Invasion of the Asian Longhorned Beetle Anoplophora glabripennis (Coleoptera: Cerambycidae): A Canadian Focus

Published: March 17, 2010; 1(7): 35-37

Keywords: Anoplophora glabripennis; Invasive
Species, Life Cycle; Native Range; Urban Forests

Download Hi-Res PDF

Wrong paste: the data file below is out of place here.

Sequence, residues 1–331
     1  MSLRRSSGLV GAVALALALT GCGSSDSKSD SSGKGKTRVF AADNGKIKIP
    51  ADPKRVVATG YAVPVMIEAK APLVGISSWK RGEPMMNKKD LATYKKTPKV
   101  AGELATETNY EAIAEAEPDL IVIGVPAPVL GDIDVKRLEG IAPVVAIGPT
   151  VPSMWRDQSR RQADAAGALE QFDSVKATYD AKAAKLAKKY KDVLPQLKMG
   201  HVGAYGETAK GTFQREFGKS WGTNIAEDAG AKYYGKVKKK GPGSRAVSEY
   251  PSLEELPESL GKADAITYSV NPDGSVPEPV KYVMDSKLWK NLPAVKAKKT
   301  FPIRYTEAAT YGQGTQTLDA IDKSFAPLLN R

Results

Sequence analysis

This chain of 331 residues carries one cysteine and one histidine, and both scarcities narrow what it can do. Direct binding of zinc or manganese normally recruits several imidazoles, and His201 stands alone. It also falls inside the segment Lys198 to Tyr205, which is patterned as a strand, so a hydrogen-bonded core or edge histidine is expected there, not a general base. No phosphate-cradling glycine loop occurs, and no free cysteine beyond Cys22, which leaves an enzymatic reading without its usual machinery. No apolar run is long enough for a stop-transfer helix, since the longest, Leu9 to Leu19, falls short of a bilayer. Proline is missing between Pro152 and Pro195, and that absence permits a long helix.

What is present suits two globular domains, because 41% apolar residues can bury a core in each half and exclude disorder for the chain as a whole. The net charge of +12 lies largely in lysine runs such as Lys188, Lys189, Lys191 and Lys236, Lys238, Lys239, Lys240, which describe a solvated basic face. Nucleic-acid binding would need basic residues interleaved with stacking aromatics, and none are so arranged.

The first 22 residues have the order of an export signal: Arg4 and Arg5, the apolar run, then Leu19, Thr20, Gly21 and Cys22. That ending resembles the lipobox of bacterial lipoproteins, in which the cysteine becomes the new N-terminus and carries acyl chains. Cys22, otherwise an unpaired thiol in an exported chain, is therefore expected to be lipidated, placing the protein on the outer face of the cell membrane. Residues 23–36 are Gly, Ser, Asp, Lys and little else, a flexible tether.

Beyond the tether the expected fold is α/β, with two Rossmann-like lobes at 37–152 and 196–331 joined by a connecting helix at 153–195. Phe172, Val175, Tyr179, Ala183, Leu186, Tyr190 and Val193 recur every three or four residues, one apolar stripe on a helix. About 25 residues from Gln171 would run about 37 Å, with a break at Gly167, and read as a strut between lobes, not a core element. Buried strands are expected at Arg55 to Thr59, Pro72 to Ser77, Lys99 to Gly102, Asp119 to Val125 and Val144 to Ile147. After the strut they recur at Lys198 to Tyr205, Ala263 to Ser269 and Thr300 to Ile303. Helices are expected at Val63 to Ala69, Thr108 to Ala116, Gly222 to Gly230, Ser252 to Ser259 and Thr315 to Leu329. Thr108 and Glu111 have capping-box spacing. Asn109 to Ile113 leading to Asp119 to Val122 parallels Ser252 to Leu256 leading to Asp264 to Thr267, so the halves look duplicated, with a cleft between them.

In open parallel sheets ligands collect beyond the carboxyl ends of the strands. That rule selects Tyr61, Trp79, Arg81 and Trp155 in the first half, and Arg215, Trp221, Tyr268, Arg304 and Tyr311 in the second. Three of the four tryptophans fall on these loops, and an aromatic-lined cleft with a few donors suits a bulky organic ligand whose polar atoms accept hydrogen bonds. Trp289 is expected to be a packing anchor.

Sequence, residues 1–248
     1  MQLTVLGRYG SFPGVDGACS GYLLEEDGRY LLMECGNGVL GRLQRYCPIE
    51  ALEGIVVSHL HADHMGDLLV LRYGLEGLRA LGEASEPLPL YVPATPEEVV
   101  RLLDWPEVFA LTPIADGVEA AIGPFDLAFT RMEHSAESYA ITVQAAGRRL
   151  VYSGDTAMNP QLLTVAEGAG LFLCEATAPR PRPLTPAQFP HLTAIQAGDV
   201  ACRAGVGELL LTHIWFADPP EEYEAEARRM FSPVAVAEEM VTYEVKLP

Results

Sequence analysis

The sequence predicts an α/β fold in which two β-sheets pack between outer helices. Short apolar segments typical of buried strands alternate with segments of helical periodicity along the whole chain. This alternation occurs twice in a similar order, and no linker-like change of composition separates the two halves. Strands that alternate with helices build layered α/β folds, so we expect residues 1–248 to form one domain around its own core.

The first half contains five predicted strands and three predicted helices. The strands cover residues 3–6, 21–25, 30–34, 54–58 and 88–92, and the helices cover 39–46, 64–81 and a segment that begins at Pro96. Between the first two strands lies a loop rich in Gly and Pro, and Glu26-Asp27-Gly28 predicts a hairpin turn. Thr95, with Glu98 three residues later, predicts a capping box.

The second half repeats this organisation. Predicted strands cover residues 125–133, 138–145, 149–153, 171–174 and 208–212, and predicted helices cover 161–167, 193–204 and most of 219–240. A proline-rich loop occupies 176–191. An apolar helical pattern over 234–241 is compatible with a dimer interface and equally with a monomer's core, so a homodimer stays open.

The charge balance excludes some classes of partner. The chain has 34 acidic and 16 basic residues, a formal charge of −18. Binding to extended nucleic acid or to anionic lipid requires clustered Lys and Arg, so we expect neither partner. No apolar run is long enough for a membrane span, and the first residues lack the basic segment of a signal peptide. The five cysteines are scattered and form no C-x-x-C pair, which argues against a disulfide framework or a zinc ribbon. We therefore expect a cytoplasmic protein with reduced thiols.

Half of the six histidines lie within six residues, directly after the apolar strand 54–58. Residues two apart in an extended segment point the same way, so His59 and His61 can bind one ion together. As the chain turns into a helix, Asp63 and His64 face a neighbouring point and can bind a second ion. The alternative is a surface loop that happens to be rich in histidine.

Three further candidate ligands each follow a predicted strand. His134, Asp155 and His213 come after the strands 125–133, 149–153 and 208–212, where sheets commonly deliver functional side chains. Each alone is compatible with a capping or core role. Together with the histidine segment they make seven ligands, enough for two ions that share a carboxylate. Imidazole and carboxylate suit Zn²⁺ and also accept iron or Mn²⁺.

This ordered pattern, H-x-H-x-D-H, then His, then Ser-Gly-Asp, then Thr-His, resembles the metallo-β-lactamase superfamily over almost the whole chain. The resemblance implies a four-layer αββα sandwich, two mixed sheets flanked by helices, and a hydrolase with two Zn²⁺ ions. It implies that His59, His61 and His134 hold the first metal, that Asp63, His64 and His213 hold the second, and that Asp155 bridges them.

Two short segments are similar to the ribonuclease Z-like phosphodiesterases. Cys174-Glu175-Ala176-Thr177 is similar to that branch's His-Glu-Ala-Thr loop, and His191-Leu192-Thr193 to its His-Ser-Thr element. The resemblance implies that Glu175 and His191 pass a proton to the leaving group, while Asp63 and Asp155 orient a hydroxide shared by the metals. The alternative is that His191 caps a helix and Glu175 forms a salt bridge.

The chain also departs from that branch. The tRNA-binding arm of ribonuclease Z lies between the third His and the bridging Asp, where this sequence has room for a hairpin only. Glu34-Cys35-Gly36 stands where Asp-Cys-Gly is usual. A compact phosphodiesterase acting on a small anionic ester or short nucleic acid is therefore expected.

The Asian longhorned beetle (Anoplophora glabripennis) is a large, wood-boring invasive insect species native to China and Southeastern Asia that preys upon healthy hardwood trees, as well as trees under stress, by tunneling through their vascular system and depriving them of vital nutrients, leading eventually to their death. Since its discovery in the mid-1990s and early-2000s in the United States and Canada, respectively, government officials have been actively involved in preventing the further spread of this pest by screening cargo and surveying high-risk sites (Bell, 2004). Unfortunately, the only effective treatment to recover an Asian longhorned beetle-infested region is to cut down infested trees and destroy the wood. This has led to the removal of tens of thousands of infested urban trees in an effort to eradicate this exotic pest (Nowak et al., 2001). In fact, it has been predicted that if the A. glabripennis outbreak were to become widespread, it would significantly impact forests across North America, with an estimated death toll of 1.2 billion trees (Nowak et al., 2001).